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Case Study Seven

 
 
CLINICAL MEDICATION REVIEW
Level 3 Clinical medication review by practice support pharmacists in East Elmbridge and Mid Surrey PCT

Background
Publication of the National Service Framework (NSF) for Older People prompted the PCT to establish a clinical medication review service for people over 75 years of age.
 
A primary care incentive scheme ("Investing in primary care") was used to fund the initial service, which uses practice support pharmacists working in GP surgeries.

Objectives

The scheme has a number of objectives. These include :
  • Improving health through better use of medicines
  • Rationalising medication on repeat prescription
  • Synchronising prescription items and supporting 28-day prescribing
  • Promoting concordance and encouraging improved compliance
  • Supporting the implementation of the NSF and guidance from the National Institute for Clinical Excellence (NICE)

Approach

The PCT launched the review process in August 2001 with the first reviews taking place during January 2002.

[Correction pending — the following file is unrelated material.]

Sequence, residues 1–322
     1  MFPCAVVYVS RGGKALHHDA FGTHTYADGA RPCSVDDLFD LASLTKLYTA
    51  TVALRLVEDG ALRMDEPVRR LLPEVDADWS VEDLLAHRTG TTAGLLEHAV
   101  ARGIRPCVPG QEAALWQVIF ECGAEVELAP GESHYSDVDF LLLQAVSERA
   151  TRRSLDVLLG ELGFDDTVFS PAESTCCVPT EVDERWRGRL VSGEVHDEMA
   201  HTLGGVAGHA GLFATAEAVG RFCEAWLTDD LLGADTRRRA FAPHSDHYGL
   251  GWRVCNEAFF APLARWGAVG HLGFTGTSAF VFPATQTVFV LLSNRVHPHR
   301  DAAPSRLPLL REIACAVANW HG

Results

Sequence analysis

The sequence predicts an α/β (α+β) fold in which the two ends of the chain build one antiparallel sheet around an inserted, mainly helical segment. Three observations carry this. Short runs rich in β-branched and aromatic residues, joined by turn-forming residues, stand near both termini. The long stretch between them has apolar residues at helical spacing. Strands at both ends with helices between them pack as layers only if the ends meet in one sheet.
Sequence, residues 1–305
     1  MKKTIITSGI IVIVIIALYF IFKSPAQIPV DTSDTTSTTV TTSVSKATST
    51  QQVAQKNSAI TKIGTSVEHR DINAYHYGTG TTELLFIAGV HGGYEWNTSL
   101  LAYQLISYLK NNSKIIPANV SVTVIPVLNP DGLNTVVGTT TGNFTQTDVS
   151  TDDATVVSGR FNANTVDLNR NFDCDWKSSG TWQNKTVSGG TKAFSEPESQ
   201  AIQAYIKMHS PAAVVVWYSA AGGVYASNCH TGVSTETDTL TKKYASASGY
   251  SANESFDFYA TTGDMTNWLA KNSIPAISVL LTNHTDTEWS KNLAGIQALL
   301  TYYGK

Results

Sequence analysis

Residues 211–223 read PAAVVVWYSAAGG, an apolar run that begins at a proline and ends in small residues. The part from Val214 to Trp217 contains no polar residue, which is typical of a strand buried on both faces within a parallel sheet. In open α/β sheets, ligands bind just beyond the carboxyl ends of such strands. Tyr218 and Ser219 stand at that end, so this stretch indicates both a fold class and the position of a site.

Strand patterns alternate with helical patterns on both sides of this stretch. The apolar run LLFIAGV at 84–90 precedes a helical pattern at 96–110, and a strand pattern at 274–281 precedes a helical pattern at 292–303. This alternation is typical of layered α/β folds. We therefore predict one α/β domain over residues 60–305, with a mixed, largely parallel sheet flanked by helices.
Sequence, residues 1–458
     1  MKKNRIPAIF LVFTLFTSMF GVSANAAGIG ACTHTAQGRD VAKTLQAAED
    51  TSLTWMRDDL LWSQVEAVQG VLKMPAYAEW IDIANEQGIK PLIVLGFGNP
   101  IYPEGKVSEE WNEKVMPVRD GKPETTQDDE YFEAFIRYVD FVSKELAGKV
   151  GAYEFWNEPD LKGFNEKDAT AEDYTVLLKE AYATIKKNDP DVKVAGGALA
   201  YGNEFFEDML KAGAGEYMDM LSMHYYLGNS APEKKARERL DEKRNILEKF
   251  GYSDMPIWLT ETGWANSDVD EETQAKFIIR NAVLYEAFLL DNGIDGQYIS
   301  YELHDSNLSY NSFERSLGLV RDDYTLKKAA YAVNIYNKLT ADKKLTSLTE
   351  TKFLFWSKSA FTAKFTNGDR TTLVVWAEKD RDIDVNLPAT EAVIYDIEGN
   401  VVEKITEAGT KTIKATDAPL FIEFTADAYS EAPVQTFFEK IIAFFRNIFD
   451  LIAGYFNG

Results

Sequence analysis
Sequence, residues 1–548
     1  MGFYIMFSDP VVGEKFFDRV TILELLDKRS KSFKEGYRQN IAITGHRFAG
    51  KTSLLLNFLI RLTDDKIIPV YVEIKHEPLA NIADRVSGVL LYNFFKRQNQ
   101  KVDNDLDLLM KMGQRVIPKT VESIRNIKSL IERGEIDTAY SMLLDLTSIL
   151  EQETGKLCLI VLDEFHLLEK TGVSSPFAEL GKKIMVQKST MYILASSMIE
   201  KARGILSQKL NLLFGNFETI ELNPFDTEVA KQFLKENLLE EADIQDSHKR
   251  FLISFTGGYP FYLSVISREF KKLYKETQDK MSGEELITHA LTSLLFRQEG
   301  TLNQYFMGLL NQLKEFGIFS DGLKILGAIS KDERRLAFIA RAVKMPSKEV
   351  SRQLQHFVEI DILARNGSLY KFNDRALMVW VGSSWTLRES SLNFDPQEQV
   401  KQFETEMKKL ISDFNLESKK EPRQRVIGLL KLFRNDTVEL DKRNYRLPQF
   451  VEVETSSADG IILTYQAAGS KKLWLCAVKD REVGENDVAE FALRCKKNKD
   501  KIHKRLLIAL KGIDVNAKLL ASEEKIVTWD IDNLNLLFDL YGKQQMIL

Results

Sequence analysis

A number of focus groups informed the development of the scheme and helped with medication review materials (eg. forms and letters). Training is provided and includes workshops on therapeutics, communications skills, data analysis and IT.
 
Practice support pharmacists undertake the majority of the reviews within the surgery but GPs and practice nurses also provide this service for selected patients. Patients for review are identified and prioritised by a computer query using the MIQUEST system running on the GP clinical computer system as well as at the request of the patient or their carer themselves.
 
All reviews take place according to a protocol agreed by the practice with full access to the patient's clinical notes and relevant test results, where appropriate. Outcomes are documented using a special review form and a READ code is entered onto the GP clinical system.

Results

In a recent audit of the scheme, 233 reviews undertaken by pharmacists during 28 practice sessions were analysed. 430 interventions were made (averaging 15 per session) and over 80% of recommendations were accepted by the patient's GP.
  • Key interventions include :
  • Stopping medicines no longer needed
  • Initiating medicines likely to be of benefit
  • Identifying side effects and reasons for non-compliance
  • Increasing patient's understanding of their medicines
 
Conclusion
In addition to the positive outcomes already identified, the scheme has led to a number of additional developments. These include plans for the appointment of a pharmacist for older people to work with social services and district nurses to develop a domiciliary scheme, a workshop package for care staff and a rapid response system for urgent medication problems.
 
Contact Information
Gabrielle Clezy, Pharmaceutical Adviser, East Elmbridge and Mid Surrey  PCT

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